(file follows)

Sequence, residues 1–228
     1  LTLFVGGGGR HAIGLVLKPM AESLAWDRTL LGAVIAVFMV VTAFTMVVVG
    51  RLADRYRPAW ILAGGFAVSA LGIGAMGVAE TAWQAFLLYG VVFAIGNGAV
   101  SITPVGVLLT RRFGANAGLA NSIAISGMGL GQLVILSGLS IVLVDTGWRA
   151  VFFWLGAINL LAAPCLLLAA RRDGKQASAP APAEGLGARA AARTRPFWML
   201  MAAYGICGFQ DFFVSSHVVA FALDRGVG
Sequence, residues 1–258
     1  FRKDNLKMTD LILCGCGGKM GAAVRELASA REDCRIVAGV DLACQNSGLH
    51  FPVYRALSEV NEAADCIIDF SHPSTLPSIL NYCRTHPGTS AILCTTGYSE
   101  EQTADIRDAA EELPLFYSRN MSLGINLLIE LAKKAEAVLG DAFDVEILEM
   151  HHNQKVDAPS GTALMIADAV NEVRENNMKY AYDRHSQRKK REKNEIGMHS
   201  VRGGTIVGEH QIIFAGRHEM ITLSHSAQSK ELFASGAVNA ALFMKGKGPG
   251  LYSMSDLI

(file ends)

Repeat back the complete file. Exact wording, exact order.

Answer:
Sequence, residues 1–228
     1  LTLFVGGGGR HAIGLVLKPM AESLAWDRTL LGAVIAVFMV VTAFTMVVVG
    51  RLADRYRPAW ILAGGFAVSA LGIGAMGVAE TAWQAFLLYG VVFAIGNGAV
   101  SITPVGVLLT RRFGANAGLA NSIAISGMGL GQLVILSGLS IVLVDTGWRA
   151  VFFWLGAINL LAAPCLLLAA RRDGKQASAP APAEGLGARA AARTRPFWML
   201  MAAYGICGFQ DFFVSSHVVA FALDRGVG
Sequence, residues 1–258
     1  FRKDNLKMTD LILCGCGGKM GAAVRELASA REDCRIVAGV DLACQNSGLH
    51  FPVYRALSEV NEAADCIIDF SHPSTLPSIL NYCRTHPGTS AILCTTGYSE
   101  EQTADIRDAA EELPLFYSRN MSLGINLLIE LAKKAEAVLG DAFDVEILEM
   151  HHNQKVDAPS GTALMIADAV NEVRENNMKY AYDRHSQRKK REKNEIGMHS
   201  VRGGTIVGEH QIIFAGRHEM ITLSHSAQSK ELFASGAVNA ALFMKGKGPG
   251  LYSMSDLI